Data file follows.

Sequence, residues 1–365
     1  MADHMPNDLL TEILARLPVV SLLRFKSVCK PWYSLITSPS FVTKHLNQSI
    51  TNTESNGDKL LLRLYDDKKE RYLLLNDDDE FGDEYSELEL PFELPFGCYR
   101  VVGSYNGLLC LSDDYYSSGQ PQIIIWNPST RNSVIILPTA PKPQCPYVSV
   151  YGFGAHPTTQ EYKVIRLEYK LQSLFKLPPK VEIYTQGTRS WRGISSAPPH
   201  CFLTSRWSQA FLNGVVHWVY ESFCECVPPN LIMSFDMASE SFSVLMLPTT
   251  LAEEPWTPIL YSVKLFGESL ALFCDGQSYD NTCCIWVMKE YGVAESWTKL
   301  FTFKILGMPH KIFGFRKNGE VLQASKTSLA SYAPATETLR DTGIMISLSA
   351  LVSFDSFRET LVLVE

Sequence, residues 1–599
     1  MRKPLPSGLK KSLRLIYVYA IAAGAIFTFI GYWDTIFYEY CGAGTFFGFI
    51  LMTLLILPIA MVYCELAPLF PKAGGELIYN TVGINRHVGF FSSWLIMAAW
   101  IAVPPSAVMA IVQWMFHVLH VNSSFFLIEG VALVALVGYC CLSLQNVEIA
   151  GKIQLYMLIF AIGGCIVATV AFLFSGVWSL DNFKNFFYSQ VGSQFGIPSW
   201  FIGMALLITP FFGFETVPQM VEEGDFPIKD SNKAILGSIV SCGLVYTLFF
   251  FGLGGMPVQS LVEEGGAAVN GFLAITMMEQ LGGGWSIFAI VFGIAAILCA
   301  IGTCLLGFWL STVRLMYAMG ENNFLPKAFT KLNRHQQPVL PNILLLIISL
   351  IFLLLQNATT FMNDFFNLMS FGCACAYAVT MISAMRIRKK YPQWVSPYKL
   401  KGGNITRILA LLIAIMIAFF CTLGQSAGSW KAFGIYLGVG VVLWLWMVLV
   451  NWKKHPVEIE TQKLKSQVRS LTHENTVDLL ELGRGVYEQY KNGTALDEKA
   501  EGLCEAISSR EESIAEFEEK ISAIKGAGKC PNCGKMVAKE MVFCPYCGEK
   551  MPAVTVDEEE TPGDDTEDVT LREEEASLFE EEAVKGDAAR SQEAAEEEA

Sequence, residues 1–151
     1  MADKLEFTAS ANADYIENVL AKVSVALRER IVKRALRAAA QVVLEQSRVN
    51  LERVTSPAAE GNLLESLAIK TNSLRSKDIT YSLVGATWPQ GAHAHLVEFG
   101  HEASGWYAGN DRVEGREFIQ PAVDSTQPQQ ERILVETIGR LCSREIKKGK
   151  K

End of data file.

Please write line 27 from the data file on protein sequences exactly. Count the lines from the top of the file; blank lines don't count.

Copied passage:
   151  K